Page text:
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Republic of convenience stores

More Koreans buying groceries, eating lunch at 24/7 corner shops
May 18,2017
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Mr. Sung, a 34-year-old office worker, lives by himself in Mapo District, western Seoul. In the past, he would visit a large discount store once or twice a month to stock up on groceries and daily necessities.

Lately though, he hasn’t been shopping there much because he gets all his groceries at a nearby 24-hour convenience store.

“I used to think goods sold at convenience stores were more expensive, but they offer various promotions like buy one, get one and private-brand goods that they produce themselves,” he said. “I only bought stuff like water at convenience stores in the past, but now I do most of my grocery shopping there.”

Recently, convenience stores have added fresh fruits and vegetables to their panoply of offerings, which already included items unconventional for a convenience store, such as precooked meals and hot coffee. The average convenience store now carries about 5,000 products, and a number of them have surpassed 10 million sales annually.

The JoongAng Ilbo reviewed sales reports of three major convenience store chains, GS25, CU and 7-Eleven, and found that 61 products last year surpassed 10 million sales. In 2014, there were just 32 products that broke 10 million that year.

Coffee, samgak gimbap (triangle-shaped rice balls wrapped in seaweed) and instant noodle cups were some of the most popular items last year.

One of the biggest reasons why more products saw their sales skyrocket is because more of them are being made under private brands.

About three years ago, popular items like energy drinks and banana-flavored milk produced by big-name companies had more than 10 million sales.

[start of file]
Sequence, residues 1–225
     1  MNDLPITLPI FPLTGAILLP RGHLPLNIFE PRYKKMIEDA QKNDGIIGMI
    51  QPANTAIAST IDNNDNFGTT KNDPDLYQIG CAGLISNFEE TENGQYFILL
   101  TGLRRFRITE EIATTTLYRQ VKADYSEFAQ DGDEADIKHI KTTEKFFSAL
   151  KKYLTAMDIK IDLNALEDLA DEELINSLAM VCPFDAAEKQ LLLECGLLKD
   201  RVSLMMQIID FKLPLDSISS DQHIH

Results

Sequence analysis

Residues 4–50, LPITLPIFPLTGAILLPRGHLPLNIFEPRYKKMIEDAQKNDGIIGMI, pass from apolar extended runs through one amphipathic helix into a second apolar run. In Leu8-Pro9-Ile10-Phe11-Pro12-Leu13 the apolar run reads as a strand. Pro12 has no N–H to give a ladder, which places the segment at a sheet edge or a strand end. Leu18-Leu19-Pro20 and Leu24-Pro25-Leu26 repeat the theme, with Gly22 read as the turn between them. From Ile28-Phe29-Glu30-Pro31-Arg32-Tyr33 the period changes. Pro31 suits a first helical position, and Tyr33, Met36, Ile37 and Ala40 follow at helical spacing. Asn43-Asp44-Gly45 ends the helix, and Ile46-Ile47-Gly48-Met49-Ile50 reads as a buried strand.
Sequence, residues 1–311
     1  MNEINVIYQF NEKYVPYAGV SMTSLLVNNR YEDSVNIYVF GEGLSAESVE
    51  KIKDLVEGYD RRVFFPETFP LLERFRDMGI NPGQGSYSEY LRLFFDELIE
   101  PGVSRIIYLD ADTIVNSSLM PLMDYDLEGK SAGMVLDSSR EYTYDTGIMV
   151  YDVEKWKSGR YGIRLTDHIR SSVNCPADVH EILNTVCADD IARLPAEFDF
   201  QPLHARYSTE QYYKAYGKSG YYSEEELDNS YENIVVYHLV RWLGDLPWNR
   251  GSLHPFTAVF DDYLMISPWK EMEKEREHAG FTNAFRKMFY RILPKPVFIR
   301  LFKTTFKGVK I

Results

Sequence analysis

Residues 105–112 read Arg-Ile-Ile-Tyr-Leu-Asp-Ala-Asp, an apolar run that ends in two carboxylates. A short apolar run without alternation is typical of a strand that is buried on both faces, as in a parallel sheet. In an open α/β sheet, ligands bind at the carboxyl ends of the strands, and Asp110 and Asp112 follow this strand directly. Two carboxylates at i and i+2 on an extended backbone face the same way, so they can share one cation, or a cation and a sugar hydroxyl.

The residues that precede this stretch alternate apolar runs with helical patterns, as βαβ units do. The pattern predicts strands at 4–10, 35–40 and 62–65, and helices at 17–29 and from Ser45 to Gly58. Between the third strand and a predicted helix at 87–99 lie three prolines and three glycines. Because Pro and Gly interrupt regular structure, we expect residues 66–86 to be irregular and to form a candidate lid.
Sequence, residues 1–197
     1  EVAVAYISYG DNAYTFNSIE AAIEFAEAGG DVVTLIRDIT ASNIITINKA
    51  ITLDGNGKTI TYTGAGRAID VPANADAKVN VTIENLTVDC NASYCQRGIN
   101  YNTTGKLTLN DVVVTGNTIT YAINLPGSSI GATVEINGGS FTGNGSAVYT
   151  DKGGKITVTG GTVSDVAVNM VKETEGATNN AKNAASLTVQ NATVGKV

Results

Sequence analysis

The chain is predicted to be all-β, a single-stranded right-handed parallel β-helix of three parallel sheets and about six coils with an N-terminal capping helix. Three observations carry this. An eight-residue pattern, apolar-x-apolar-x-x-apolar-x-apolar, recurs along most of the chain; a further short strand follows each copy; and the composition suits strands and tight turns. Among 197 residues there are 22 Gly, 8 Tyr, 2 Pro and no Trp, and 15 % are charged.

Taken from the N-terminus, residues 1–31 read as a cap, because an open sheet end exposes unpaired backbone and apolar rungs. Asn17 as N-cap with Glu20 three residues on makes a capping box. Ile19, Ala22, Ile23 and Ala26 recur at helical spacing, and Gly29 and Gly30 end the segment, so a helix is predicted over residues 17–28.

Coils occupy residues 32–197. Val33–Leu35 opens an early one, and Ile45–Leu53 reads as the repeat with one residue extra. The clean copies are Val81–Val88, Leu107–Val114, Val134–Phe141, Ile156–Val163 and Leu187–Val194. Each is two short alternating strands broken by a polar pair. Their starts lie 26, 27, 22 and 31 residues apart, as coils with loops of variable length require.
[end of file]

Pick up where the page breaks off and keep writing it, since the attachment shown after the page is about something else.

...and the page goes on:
But now, the same goods produced by private brands are also achieving 10 million sales. CU’s private brand sales rose 7.6 percent year on year in 2013, but that figure increased dramatically to 28.9 percent in 2015 and 35.3 percent by 2016.

CU’s Cafe Get, a caffeinated drink that cost about 1,000 won ($0.89), was sold more than 20 million times last year. The convenience store chain’s private brand yogurt was sold 20 million times and chocolate milk 18 million times.

GS25’s samgak gimbap, yogurt and instant noodle cups were popular with that convenience store chain.

At 7-Eleven, its Seven Cafe coffee sold 27 million last year. This means about 30 cups of coffee were sold each day at 4,200 stores across the country.

A tepid economy might also explain the spike in products achieving more than 10 million sales a year at convenience stores. These items tend to see more demand from people who want to save on food and drink costs during slow times.

According to a survey by employment website Job Korea, Korean workers spent an average 6,100 won ($5.44) on lunch, down 4.2 percent from a year ago. This was the first time that the cost had dropped compared to the previous year since the company began compiling the data in 2009.

More workers are opting to eat lunch alone, which helps them save money but also represents a shift away from traditional Korean work culture where communal dining has generally been preferred. About 12 percent of respondents in Job Korea’s survey said they eat lunch alone.

Meals were cheapest at convenience stores. The average lunch at a convenience store cost 4,840 won, compared to 7,050 won average at a restaurant and 5,510 won at a company cafeteria.

“Demand for meals and coffee sold at convenience stores is rising as there are more single-person households and those who prefer eating alone,” said Lee Gang-chul, a marketing manager at GS25.

Convenience stores are now also working hard to diversify their private brand products because it allows them to earn more profit and can be a good marketing tool.

“About 20 to 25 percent of goods sold in our stores are made by us, and I expect the private brand market to grow further from now on,” said Oh Jae-yong, a manager at 7-Eleven.

Still, some products like soju and banana milk made by big companies remained very popular in the country.


BY CHOI HYUN-JOO [kim.youngnam@joongang.co.kr]